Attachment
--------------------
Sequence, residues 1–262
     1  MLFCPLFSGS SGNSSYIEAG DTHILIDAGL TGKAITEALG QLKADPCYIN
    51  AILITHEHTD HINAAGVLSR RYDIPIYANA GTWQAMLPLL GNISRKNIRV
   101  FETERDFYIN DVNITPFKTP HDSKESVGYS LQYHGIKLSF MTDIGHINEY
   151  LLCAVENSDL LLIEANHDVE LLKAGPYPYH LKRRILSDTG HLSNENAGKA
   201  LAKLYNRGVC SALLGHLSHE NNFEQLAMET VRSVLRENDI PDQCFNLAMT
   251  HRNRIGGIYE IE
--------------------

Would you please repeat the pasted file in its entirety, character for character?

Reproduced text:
Sequence, residues 1–262
     1  MLFCPLFSGS SGNSSYIEAG DTHILIDAGL TGKAITEALG QLKADPCYIN
    51  AILITHEHTD HINAAGVLSR RYDIPIYANA GTWQAMLPLL GNISRKNIRV
   101  FETERDFYIN DVNITPFKTP HDSKESVGYS LQYHGIKLSF MTDIGHINEY
   151  LLCAVENSDL LLIEANHDVE LLKAGPYPYH LKRRILSDTG HLSNENAGKA
   201  LAKLYNRGVC SALLGHLSHE NNFEQLAMET VRSVLRENDI PDQCFNLAMT
   251  HRNRIGGIYE IE